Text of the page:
“I am Miss Control Freak,” says Harris, who craves nothing more than to actually have a routine, a perfect example of which is exemplified in bringing along her own thermos to the shoot—hot water and lemon. “But I do think there are other ways of being successful, and I do see other people living a very different life and I’m extremely envious.” Her desire for “drudgery” as her friends call it, is something her inner circle finds amusing. Harris fully understands and accepts her given personality traits, owning her control freak status (“I’m not trying to control anybody else, I’m just trying to control me”) while still attempting to break free from it every now and then for self-improvement purposes. “I was from a very working-class background. My mum was on welfare when she had me—she was 19 years old, but she was always a striver,” she explains, welling up at the memories. “My mum just instilled this belief in me that you can achieve anything, but it requires hard work. I was always like I’m going to put in that work because I want to make my mum proud. She really did a phenomenal job, and I want to do the very best I can for her, for my family. This is the one life we get—let’s make the most of it. Let’s be the best we possibly can, right?”
Speaking openly about global environmental issues (such as sustainability in fashion) as well as those closer to home (supporting British charities like Intermission—a youth-based initiative using theater to get kids off the streets), Harris was also one of many influential women in Hollywood who signed the infamous Time’s Up petition last year. “I think that a lot of men are running scared. Men now, that would [have said] inappropriate things on set and behave in a certain way, do not feel that they have the right or the power to do those things anymore,” Harris explains. Having witnessed the kind of abuses of power the previously unaware public suddenly became privy to, Harris confirms the environment in 2019 has “dramatically changed” and that this movement was pivotal and powerful in creating the shift. Not only has this been the case for female actors, but the industry has also made strides when it comes to equality in general, with long overdue improvements for people of color. “The reality is that for so long lots of different ethnic groups have been ignored,” says Harris. “The heads of studios didn’t think they could make money out of black movies. Now they’ve realized that is absolute rubbish and you have something with phenomenal success like Black Panther, and it changes everything.” Harris believes roles for black actors are now more available than ever before, with the “black dollar,” as she calls it, being the driving force in a business that is essentially about the bottom line and hard economics.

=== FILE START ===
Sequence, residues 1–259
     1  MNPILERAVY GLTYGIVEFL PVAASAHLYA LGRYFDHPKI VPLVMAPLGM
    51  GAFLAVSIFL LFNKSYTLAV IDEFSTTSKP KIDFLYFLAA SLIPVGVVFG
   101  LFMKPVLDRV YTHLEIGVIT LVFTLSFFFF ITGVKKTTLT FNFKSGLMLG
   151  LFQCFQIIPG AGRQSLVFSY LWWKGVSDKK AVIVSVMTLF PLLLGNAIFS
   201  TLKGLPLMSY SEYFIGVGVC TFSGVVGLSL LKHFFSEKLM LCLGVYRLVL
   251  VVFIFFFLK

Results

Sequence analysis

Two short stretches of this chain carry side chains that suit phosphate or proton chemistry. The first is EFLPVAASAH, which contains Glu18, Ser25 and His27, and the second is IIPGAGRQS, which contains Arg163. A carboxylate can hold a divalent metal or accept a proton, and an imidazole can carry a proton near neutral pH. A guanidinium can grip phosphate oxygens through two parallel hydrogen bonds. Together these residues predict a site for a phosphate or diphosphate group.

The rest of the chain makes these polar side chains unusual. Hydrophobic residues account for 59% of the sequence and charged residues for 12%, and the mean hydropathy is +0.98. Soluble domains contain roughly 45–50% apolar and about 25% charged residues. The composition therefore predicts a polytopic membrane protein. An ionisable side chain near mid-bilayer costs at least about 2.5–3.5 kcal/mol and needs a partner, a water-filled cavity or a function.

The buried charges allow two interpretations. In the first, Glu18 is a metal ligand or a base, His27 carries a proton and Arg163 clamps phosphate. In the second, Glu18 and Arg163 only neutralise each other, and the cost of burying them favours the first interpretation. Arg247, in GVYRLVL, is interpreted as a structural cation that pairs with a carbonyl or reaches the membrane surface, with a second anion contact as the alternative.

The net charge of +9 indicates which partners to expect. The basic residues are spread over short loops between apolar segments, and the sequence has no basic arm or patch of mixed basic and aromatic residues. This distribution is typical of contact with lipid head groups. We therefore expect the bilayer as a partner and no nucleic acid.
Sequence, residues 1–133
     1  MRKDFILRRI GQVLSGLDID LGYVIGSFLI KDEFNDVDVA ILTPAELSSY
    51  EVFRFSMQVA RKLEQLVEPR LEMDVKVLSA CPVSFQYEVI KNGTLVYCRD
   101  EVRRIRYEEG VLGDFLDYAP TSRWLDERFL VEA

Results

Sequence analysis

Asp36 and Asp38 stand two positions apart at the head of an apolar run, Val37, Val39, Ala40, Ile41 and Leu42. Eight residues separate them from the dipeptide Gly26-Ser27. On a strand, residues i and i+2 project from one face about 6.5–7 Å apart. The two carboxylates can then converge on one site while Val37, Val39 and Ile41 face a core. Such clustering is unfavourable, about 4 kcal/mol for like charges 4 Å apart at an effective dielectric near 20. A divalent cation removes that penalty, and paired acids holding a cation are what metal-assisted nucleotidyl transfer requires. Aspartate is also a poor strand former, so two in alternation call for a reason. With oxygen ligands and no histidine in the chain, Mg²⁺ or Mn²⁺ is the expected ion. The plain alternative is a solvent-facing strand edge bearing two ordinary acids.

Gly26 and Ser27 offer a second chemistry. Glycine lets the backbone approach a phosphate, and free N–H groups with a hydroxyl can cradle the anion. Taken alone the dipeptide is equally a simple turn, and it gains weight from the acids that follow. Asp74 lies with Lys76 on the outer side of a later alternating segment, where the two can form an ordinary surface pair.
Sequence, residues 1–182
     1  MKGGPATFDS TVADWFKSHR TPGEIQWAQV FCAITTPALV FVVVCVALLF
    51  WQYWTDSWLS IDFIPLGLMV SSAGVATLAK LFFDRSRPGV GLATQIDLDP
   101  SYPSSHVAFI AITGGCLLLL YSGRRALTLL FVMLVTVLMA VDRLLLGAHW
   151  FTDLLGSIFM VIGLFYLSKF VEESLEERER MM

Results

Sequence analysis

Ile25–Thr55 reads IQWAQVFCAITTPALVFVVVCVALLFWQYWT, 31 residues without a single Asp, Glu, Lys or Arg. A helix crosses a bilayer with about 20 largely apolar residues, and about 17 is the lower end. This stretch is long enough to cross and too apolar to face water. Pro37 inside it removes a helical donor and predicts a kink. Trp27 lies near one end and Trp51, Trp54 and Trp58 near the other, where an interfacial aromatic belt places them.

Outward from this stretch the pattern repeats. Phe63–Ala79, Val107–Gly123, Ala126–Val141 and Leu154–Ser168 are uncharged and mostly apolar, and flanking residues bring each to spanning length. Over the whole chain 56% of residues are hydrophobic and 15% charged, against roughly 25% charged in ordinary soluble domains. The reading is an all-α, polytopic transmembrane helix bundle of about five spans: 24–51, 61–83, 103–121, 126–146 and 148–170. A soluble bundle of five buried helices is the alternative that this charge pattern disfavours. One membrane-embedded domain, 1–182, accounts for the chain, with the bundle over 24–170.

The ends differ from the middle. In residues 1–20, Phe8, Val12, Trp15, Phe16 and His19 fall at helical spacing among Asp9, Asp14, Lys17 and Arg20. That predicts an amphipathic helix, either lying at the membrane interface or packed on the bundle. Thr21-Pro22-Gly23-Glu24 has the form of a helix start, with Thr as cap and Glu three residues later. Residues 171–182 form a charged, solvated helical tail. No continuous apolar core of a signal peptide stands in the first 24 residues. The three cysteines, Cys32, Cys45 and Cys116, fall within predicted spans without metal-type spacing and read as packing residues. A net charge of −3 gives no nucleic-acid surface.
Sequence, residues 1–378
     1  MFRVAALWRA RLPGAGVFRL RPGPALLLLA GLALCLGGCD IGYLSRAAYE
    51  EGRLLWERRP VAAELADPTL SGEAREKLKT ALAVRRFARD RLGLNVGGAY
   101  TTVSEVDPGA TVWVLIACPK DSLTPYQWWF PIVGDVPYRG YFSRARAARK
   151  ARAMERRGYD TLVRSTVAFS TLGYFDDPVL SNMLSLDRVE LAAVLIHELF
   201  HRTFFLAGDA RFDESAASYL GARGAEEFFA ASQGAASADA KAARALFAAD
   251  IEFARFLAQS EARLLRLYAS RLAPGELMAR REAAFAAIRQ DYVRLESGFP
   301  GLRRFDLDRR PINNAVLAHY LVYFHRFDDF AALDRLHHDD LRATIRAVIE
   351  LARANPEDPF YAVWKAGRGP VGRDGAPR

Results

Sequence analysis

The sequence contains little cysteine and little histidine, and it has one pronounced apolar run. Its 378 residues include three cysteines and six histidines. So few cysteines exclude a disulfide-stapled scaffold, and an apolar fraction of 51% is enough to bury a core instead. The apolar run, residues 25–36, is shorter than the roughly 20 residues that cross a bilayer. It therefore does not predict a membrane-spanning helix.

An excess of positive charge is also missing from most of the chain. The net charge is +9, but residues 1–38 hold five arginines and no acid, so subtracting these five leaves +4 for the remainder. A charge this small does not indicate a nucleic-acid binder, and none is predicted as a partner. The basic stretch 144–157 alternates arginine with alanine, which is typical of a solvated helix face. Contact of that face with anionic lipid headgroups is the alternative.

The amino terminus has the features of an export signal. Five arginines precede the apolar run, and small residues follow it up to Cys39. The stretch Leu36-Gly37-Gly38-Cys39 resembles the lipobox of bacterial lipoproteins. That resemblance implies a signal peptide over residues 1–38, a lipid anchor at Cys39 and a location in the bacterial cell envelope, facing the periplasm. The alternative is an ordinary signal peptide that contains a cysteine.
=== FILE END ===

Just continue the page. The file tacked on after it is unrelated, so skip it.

Now in the middle of filming her third Bond movie, Harris’s debut in 2012 marked another right-on milestone in her trajectory: She was the first Moneypenny to be honored with a first name (Eve!) rather than being just Miss Moneypenny, and she also encouraged the press to stop using the term “Bond Girl” and favor “Bond Woman” instead. “I was 38 at the time and going into my 40s; we had Lea Seydoux in her 30s, and Monica Belluci as well (I don’t know how old Monica is, but she’s certainly fabulous and she’s not in her 20s), and I just thought it was inappropriate that we were being referenced as ‘Bond Girls,’” Harris says of the now-outmoded wording, adding that it was time to “fully inhabit womanhood.” Something we think she’s doing rather splendidly.
Black and Blue hits theaters October 25.